Cohen testified that at some point during the meeting with Harris, she began to experience “horrible head pain” and felt as though “her head was going to blow up.” The next day, she went to a doctor, and later that same day, she was also examined by Dr. Mitchell Freedman, a neurologist at Duke Health. Both doctors determined that Cohen had suffered a stroke. She filed a claim for workers’ comp benefits.
The North Carolina Industrial Commission denied the claim, and Cohen appealed to the North Carolina Court of Appeals.
Court of Appeals’ Ruling
Under the North Carolina Workers’ Compensation Act, an injury is compensable if the claimant proves three elements:
- The injury was caused by an accident.
- The injury was sustained in the course of her employment.
- The injury arose out of her employment.
In this case, the parties agreed that Cohen’s injury was sustained in the course of her employment, but they disagreed about whether it was caused by an accident. In the context of the Workers’ Compensation Act, the terms “accident” and “injury” do not mean the same thing. An “accident” is an unlooked-for and untoward event that isn’t expected or designed by the injured employee. There must be some unforeseen or unusual event other than the bodily injury itself.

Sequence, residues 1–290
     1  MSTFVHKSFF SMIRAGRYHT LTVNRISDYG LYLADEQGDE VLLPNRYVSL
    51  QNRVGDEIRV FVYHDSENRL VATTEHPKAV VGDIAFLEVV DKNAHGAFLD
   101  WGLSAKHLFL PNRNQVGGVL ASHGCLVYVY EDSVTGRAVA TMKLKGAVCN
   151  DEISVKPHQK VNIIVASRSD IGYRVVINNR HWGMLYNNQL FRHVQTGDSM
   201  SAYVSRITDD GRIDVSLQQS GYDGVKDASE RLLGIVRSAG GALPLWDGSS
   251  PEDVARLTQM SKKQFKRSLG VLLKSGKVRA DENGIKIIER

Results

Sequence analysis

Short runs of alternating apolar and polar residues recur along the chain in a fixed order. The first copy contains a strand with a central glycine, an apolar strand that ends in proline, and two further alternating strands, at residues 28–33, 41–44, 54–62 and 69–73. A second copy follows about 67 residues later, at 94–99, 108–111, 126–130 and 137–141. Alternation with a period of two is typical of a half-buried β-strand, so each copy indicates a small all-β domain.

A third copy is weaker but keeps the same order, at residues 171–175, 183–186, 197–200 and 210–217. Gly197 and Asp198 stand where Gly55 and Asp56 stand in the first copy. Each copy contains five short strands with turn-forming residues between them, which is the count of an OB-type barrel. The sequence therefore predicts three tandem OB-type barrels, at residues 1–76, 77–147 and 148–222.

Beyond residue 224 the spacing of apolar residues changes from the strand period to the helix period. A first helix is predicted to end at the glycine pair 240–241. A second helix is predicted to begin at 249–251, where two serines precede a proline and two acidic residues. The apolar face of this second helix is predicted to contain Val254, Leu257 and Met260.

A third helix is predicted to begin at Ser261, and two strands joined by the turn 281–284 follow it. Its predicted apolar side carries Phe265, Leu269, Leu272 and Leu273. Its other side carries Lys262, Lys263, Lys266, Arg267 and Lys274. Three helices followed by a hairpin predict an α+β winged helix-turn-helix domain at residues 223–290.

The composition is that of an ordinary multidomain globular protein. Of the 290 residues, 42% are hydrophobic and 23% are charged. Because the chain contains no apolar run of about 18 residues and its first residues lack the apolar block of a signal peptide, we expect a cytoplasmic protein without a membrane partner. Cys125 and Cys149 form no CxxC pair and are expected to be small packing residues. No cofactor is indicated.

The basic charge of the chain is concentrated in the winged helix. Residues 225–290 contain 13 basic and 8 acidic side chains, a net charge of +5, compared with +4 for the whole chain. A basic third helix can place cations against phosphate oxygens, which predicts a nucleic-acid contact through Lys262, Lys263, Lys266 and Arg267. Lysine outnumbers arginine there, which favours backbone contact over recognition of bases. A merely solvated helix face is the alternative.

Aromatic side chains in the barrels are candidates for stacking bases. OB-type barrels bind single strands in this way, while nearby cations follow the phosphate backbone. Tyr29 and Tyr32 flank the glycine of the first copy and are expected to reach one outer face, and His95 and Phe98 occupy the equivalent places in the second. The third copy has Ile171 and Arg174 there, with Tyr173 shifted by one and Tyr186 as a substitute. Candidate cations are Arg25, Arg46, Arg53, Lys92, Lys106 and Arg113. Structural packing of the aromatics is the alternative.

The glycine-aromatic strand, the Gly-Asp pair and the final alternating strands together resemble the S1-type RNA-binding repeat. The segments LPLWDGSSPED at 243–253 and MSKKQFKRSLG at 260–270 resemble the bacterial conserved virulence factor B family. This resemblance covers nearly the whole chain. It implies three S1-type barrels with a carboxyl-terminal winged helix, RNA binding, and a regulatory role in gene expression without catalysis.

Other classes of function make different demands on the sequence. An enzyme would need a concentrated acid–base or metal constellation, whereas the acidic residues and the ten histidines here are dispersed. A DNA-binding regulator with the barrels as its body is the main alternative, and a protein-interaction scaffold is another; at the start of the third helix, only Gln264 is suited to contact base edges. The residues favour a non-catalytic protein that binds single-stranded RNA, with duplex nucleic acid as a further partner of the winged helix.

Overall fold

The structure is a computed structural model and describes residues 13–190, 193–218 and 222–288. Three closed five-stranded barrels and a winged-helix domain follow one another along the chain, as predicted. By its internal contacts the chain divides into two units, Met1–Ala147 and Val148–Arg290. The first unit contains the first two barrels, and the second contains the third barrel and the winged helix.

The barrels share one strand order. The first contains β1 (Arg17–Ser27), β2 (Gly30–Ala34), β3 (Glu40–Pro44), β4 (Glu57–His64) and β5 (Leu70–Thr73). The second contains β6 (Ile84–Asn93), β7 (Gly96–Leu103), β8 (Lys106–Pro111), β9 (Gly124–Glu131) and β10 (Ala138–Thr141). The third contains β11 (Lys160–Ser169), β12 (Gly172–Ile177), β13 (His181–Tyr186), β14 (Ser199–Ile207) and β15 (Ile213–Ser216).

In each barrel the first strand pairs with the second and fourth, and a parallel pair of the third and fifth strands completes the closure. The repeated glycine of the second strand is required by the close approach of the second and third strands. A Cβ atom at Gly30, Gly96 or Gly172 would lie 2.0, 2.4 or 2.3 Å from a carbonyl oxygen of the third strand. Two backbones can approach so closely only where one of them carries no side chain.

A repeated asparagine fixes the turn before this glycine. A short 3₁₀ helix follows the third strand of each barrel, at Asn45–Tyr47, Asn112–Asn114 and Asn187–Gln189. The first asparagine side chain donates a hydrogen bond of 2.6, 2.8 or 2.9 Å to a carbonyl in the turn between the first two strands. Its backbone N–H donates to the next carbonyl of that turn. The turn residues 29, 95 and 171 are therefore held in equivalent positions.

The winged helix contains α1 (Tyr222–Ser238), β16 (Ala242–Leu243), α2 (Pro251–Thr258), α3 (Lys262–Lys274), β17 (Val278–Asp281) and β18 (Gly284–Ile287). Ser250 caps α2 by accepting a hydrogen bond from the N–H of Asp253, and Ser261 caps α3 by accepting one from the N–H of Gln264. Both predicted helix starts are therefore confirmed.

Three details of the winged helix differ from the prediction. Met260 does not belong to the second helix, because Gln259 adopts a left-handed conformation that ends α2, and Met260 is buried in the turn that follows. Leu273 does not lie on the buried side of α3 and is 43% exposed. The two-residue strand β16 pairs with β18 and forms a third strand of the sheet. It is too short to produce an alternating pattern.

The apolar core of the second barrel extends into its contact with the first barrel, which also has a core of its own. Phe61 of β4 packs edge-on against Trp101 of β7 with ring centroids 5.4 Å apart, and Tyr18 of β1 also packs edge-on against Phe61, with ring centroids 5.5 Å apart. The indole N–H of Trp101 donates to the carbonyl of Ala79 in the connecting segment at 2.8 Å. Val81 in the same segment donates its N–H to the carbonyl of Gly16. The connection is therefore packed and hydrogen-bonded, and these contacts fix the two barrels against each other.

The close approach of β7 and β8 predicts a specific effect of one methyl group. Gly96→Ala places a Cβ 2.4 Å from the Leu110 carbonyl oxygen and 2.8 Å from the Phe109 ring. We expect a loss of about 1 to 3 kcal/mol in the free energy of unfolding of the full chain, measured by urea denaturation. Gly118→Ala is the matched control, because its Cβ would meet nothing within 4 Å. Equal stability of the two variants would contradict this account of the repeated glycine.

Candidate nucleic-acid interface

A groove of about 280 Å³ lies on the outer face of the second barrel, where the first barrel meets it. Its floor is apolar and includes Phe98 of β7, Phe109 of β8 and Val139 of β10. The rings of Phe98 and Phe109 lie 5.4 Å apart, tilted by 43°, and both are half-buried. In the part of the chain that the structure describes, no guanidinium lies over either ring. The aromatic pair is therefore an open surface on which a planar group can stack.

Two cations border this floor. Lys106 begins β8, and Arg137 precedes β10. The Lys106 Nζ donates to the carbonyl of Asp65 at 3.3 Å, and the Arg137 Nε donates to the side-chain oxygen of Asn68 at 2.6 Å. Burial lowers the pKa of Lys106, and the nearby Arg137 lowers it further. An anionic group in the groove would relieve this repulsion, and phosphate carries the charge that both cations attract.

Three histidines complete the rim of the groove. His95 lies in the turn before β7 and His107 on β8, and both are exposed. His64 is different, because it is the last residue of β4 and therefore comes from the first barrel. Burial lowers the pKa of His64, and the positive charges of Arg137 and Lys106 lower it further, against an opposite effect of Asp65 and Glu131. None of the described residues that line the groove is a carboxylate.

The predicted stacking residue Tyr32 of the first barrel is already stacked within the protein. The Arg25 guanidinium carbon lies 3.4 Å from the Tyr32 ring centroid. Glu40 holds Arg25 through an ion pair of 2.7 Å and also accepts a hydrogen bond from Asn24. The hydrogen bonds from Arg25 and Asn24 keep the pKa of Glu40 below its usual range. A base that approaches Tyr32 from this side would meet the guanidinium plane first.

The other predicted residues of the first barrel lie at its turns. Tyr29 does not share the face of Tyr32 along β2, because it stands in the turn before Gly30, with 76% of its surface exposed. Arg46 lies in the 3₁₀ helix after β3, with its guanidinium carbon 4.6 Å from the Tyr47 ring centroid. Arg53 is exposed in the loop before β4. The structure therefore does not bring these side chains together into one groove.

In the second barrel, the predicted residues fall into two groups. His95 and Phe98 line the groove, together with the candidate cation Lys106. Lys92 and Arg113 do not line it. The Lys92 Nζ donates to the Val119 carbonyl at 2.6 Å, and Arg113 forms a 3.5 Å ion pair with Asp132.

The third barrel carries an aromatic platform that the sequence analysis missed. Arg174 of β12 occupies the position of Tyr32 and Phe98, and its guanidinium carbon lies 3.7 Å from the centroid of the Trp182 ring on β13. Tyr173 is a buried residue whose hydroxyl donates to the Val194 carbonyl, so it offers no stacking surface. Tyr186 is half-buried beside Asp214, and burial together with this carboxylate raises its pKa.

To establish that she was injured because of an accident, Cohen argued that the meeting itself was unusual and resulted in unexpected consequences because (1) Fuller was sitting in on it, (2) a “principaldirected” PDP was utilized, and (3) she left the meeting without signing the PDP. However, the court of appeals wasn’t sympathetic to her claim.
The court observed that Cohen had previously participated in postobservation conferences with Harris. She also knew that other teachers had participated in similar meetings, and she was familiar with the protocol for PDPs. Moreover, just like all teachers at Early College, she had created a PDP for herself on past occasions. And although she hadn’t previously been required to create a principal-directed PDP, Harris had utilized directed PDPs for other teachers at Early College. Thus, a principal-directed PDP wasn’t a meaningful departure from the typical procedures at the school.
With respect to the manner in which the meeting was conducted, the court noted the evidence established that the conversation between Cohen and Harris was neither unexpected nor inappropriate. There was nothing remarkable about Harris providing Cohen negative feedback after observing her class or requiring her to take action to correct deficiencies in her job performance. At most, she received unwelcome critical feedback—an occurrence that isn’t unusual for employees in any job.
The court concluded: “While we do not categorically foreclose the possibility that the existence of unusual circumstances could cause a meeting between an employee and her supervisor to constitute an accident under the Workers’ Compensation Act, we are satisfied that the meeting between Cohen and Harris does not present such a case.”
This decision provides reassurance that routine meetings won’t result in workers’ comp liability, even if they are upsetting to the employee.
The author can be contacted at firstname.lastname@example.org.